Sunday, March 7, 2010

The Death Penalty and Women

The Huffington Post ran an interesting article about the percentages of women on death row who actually are executed. The statistics show that although only 2% of death row inmates are women, when it comes their time to be put to death, they are much more likely to receive the coveted commutation to life in prison. But, why?

Linda Carty is the rarest of rarities. She's a British subject who once sang for the Prince of Wales. She's a principal in a film documentary. She's garnered massive international media, legal and political attention and support. She worked as an informant for the Drug Enforcement Agency. And she's a grandmother. This last notation is mentioned only because that makes her one of only a handful of grandmothers who have ever been scheduled to be executed in a capital case. Carty was convicted of a murder, that she denies committing.

She could be executed in or before June in Texas if the Supreme Court turns down her appeal. It's her last; every other court has rejected her plea for a new trial. The odds on paper that the high court will dump her death sentence are long. The Court considers only about one in 30 death penalty appeal cases.

The gender bias that riddles the death penalty as much as racial and class bias is a good thing in that it saves the lives of women. What's problematic is the rationale for saving their lives. Prosecutors regard women as less violent, less threatening and more emotionally unstable than men. If they kill and maim, they supposedly do it out of blind love or loyalty to a man. This reinforces the notion that women are the dainty sex in need of guidance, protection and, ultimately, male control. This strips them of any social and moral accountability for and control over their acts. It makes it even easier to marginalize women. Carty's case typifies that. Carty says that four men kidnapped the victim, a woman, in a murder for hire scheme and then murdered her. Witnesses back her story and have publicly declared that she is not a cold blooded murderer.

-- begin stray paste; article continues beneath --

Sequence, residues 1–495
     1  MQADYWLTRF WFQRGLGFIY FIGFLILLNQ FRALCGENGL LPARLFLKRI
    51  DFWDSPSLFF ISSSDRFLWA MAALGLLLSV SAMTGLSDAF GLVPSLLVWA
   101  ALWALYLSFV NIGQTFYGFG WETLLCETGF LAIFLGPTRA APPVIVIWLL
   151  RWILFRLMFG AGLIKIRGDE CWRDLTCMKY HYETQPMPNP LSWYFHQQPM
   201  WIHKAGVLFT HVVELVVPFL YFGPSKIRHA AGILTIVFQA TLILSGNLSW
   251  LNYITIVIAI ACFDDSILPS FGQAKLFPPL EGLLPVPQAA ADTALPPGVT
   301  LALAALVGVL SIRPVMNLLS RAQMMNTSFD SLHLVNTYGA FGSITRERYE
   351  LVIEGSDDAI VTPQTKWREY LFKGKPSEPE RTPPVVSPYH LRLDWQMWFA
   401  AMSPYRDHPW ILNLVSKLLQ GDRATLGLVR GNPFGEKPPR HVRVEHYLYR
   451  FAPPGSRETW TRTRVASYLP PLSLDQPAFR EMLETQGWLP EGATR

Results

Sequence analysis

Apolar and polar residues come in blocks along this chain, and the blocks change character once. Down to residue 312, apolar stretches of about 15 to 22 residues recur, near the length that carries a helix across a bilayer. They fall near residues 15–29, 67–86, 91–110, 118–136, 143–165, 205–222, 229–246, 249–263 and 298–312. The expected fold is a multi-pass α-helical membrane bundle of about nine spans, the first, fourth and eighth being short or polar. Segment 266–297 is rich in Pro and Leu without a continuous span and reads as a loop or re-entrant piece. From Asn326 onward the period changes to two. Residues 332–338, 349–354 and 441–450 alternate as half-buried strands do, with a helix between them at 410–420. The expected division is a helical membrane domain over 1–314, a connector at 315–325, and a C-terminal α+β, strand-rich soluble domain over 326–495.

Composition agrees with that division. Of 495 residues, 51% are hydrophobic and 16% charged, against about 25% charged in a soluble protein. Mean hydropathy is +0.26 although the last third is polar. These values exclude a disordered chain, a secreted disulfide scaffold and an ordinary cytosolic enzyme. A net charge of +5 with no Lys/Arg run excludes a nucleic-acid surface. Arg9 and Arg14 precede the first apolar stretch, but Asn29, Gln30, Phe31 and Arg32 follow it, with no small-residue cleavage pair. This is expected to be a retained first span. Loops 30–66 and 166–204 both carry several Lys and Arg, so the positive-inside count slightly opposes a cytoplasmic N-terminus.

What's your opinion? Do you think "women are the dainty sex in need of guidance, protection and, ultimately, male control?" Of course not, who would admit such a thing in this day and age?

Do you think focusing on this disparity will result in a higher percentage of women being executed or a lower percentage of men? I hope it's the second.

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